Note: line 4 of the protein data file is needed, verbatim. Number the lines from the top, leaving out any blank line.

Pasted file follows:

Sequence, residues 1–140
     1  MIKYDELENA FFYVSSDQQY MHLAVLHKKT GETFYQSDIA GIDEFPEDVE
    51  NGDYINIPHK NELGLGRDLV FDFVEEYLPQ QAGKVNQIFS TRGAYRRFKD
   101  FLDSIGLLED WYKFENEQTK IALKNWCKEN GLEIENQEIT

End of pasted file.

   101  FLDSIGLLED WYKFENEQTK IALKNWCKEN GLEIENQEIT